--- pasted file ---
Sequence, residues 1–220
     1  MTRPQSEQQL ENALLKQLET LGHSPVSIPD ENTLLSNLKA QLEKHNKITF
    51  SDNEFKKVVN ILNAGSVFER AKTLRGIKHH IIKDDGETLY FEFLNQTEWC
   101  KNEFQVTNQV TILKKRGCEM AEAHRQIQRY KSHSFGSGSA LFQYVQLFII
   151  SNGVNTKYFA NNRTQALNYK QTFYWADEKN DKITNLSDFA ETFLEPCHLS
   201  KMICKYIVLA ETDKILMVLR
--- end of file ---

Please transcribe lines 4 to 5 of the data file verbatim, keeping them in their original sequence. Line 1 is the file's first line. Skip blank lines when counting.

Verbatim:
   101  KNEFQVTNQV TILKKRGCEM AEAHRQIQRY KSHSFGSGSA LFQYVQLFII
   151  SNGVNTKYFA NNRTQALNYK QTFYWADEKN DKITNLSDFA ETFLEPCHLS